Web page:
The main reason we started home haircuts was that poor old Tilly was getting very stressed when I would take her to get a trim, this earned her the nickname ‘stress-head’ at the groomers. She would shake and pant when we drove in, and was getting quite bitey with the poor groomer.
Bath time. I always bath her the night before, (as she hates that too) so it’s less trauma on one day.
With tick season now in full swing, I’m currently using a neem shampoo bar alongside lavender shampoo from Faith in Nature. Both neem and lavender are natural tick and flea repellents, so coupled with her regular parasite treatment this further reduces the chance of ticks latching on.
Unless it’s a cold day, I let her air dry. As you may have guessed, Tilly hates the hairdryer. Her hair is still fairly short, so dries within a couple of hours. I like using a Dog Robe to get most of the moisture off.
Brush brush brush. I use a wide toothed comb to tease through any knots. Again, not her favourite activity, but it has to be done! Poodles do in fact shed a tiny amount, but the dead hair stays in their fur and needs to be brushed out.
I found a grooming table on eBay.
I trim the ‘fro’, one of the easiest parts. I trim around the ears, top knot, and back of the head carefully with scissors. I bought them from Simpsons, and are lovely quality, with a handy hook to stop them from slipping.
I also trim the tail and rump at this point. I keep it short at the base and fan out, I call it the foxy look!
Clip O’clock. I use clippers that plug into the mains with interchangeable blades. For Tilly’s body and legs I tend to go with a 4 or 5 blade which is quite short. Thankfully a black dog hides a lot of rookie groomer sins!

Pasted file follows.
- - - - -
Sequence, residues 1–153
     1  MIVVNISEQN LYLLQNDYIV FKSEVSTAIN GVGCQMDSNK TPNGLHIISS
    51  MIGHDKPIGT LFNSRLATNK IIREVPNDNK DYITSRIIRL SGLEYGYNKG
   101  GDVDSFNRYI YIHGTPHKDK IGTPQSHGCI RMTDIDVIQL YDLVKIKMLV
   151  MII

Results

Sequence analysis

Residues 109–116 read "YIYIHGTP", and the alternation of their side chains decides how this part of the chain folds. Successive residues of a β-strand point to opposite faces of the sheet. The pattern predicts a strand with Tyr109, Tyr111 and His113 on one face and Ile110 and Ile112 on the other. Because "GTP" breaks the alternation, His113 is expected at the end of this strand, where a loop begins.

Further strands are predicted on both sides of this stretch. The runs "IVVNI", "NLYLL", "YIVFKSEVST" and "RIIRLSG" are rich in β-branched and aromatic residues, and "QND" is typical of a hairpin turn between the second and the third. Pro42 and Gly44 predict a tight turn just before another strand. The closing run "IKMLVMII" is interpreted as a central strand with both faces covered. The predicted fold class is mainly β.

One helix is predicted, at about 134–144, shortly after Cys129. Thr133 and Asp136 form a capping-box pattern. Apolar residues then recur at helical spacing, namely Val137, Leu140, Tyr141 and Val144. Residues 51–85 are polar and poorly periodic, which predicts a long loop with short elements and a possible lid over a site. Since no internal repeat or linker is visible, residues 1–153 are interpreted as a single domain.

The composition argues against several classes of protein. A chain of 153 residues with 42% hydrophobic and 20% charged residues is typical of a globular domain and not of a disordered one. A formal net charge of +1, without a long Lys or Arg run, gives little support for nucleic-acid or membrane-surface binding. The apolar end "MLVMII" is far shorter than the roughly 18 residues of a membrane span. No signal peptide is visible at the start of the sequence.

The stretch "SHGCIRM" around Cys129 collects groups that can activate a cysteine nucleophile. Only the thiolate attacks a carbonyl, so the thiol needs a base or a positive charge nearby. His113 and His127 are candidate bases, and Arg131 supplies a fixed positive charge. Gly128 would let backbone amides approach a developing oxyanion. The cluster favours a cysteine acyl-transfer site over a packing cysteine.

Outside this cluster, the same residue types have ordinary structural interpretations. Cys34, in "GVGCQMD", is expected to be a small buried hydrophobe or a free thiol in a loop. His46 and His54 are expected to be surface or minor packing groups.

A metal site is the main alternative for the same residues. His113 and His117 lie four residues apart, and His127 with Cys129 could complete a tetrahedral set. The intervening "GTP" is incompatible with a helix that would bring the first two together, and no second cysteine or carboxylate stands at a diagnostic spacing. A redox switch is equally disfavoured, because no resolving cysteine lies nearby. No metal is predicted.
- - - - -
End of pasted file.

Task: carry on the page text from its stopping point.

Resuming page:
With poodles it doesn’t matter which direction you clip the hair, so I go in a few directions to get an even cut.
This is where it gets bitey. Madame Tilly likes to nibble clippers when I do her front legs, so when I came across ‘Calming Cradles‘ I had to get one. They are based in Hampshire too, so it came really quickly!
This was our first time using it, and it has made such a difference, the fabric harness provides great support and means I can groom her legs and feet with much less fuss.
I give Tilly lots of little breaks so she can relax and forget about it for a few minutes in her own garden. Although she does look an absolute freight mid way through a haircut…
If her snout needs doing then I use a small battery powered clipper which has a very close shave. I have to be firm, yet calm, as Tilly will constantly move her snout away.
In the summer I make more of an effort to trim her feet. Black fluffy dogs just aren’t cut out for the heat, and as dogs sweat through their pads, I give her the best chance to cool down by shaving her little toes. It may not look as cute, but it does mean less dirt on the floor too!
I have the utmost respect for those who groom pets for a living. One haircut really takes it out of me! I don’t know how they do it…
For me, grooming Tilly at home has been a brilliant decision. She is nowhere nearly as stressed as she used to get. She doesn’t shake or pant, she just clings to me in an attempt to escape, but that’s typical Tilly ‘the master manipulator’ behaviour.
Once the equipment had payed itself off, we started to save money. That’s £35 every 6 weeks we get to keep. I also learnt a new skill! I may not be the best, but I think she looks pretty smart.
Grooming your dog at home isn’t for everyone, it takes time, patience, and practice. But if you want to save money, invent your own dog hairstyles, and you’re willing to learn (YouTube is great for tutorials), go for it!
Thanks for reading, I hope you enjoyed seeing what goes into making Tilly look her best.
Amy & Tilly